Final draft of Cumberland Avenue improvement code released

Final draft of Cumberland Avenue improvement code released

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An artist's rendition of concepts in the Cumberland Avenue Corridor Project. (source: City of Knoxville) An artist's rendition of concepts in the Cumberland Avenue Corridor Project. (source: City of Knoxville)
The form-based code includes detailed specifications for such matters as building height, signage and parking.  (source: City of Knoxville) The form-based code includes detailed specifications for such matters as building height, signage and parking. (source: City of Knoxville)

By SAMANTHA MANNING
6 News Reporter

KNOXVILLE (WATE) - A project to improve the Cumberland Avenue corridor near the University of Tennessee campus took another step forward Friday when a final draft of guidelines and regulations was released by the city.

The Cumberland Avenue Corridor Project includes improvements to traffic patterns and public features on a commercial section of the street, from 17th Street west to the railroad overpass.

The guidelines and regulations, called a form-based code, establish zoning and design requirements for the corridor.

The code includes detailed specifications for such matters as building height, signage and parking.

"The idea being really to encourage a year-round mix of residences to support these businesses," said Anne Wallace, project manager for the city of Knoxville. "Unfortunately, on Cumberland right now it becomes less vibrant when the students aren't in."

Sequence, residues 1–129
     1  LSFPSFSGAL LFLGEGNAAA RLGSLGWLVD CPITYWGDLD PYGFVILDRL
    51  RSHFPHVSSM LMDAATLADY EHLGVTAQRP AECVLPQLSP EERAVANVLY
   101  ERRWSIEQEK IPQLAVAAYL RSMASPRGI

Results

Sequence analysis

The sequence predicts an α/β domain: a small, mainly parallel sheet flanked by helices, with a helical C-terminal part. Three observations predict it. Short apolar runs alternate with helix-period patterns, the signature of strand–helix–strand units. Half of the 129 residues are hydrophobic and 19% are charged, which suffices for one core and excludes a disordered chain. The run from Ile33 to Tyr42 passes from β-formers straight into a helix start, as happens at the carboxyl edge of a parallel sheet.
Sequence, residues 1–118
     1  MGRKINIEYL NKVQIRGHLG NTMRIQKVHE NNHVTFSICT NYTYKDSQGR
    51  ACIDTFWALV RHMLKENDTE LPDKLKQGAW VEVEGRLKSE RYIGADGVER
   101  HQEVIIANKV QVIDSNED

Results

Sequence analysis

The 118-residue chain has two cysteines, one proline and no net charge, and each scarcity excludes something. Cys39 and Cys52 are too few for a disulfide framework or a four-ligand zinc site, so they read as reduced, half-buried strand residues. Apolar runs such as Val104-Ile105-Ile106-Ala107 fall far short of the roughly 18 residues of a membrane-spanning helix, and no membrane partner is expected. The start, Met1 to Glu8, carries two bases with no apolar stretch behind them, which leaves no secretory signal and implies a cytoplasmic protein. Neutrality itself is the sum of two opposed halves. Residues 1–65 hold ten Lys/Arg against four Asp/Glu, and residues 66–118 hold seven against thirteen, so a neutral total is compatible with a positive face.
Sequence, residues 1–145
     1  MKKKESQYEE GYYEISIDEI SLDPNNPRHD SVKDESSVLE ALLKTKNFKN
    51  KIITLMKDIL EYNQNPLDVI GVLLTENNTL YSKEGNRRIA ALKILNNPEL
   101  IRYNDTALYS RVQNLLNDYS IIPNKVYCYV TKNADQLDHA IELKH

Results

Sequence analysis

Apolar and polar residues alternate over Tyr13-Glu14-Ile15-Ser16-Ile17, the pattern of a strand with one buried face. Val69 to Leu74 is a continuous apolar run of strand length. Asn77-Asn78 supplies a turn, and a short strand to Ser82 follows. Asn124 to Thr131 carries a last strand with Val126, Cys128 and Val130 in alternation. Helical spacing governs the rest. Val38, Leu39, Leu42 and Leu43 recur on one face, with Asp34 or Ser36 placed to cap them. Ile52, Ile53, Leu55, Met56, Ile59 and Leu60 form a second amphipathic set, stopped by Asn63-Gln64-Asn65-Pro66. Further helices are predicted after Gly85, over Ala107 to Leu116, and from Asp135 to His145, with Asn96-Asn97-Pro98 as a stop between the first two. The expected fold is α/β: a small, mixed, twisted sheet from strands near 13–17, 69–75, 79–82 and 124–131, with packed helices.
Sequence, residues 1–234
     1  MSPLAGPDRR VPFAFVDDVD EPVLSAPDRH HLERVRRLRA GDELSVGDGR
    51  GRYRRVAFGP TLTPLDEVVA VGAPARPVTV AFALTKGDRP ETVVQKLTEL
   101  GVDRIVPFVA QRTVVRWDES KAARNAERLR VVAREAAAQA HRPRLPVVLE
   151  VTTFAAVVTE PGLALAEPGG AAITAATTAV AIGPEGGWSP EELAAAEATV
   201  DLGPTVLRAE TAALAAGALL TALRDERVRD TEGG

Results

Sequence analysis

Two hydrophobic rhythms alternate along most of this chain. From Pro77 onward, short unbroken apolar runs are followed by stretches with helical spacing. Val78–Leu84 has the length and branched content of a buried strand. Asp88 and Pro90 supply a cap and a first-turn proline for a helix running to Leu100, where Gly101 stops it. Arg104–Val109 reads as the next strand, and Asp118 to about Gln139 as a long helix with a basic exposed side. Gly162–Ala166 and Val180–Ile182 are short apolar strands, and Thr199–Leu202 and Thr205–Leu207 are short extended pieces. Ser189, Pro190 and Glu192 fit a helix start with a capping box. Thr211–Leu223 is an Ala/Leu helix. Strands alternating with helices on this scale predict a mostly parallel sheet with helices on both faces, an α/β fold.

The proposed code also makes it easier for buildings to have mixed uses.

"It's okay to have a mix of uses on one property and we're encouraging that retail on the first floor, second floor office and above that residential uses," Wallace said.

The city said the purpose of the code is to help make the Cumberland Ave Corridor a year-long destination, instead of having businesses rely on foot traffic from UT.

Local businesses told 6 News they hope the city acts fast to ensure business is secured year round.

"Summer time is more like a ghost town," Emad Aljaber, owner of Niro's Gyros on 17th Street, said. "Christmas time is the worst, talking about December all the way to January 15 and that will be a very slow time for everybody. We will not be able to survive if they take a long time."

The code was developed by Code Studio of Austin, Texas, after city officials conducted a series of public meetings.

The code will be discussed at the next meeting of the Metropolitan Planning Commission, scheduled for Thursday, Sept. 12 at 1:30 p.m. The meeting will be held in the Main Assembly Room of the City County Building, 400 Main St.

If the MPC recommends approval of the code, the City Council will take up consideration of it. Two readings are required before council members can approve adoption of the code.

The code and other details of the project are available for review at www.cityofknoxville.org/cumberland.

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